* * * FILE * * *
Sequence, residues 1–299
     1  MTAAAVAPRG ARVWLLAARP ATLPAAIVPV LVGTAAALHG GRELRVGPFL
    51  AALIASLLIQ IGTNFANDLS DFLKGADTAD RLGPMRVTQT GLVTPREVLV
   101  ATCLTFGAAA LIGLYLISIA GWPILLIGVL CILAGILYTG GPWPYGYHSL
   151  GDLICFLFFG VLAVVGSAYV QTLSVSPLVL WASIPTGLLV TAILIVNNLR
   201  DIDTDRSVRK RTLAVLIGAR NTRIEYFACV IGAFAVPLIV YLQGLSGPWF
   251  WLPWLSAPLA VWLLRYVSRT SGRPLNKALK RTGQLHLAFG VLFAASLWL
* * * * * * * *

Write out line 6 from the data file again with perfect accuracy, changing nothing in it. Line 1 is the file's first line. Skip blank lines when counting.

   201  DIDTDRSVRK RTLAVLIGAR NTRIEYFACV IGAFAVPLIV YLQGLSGPWF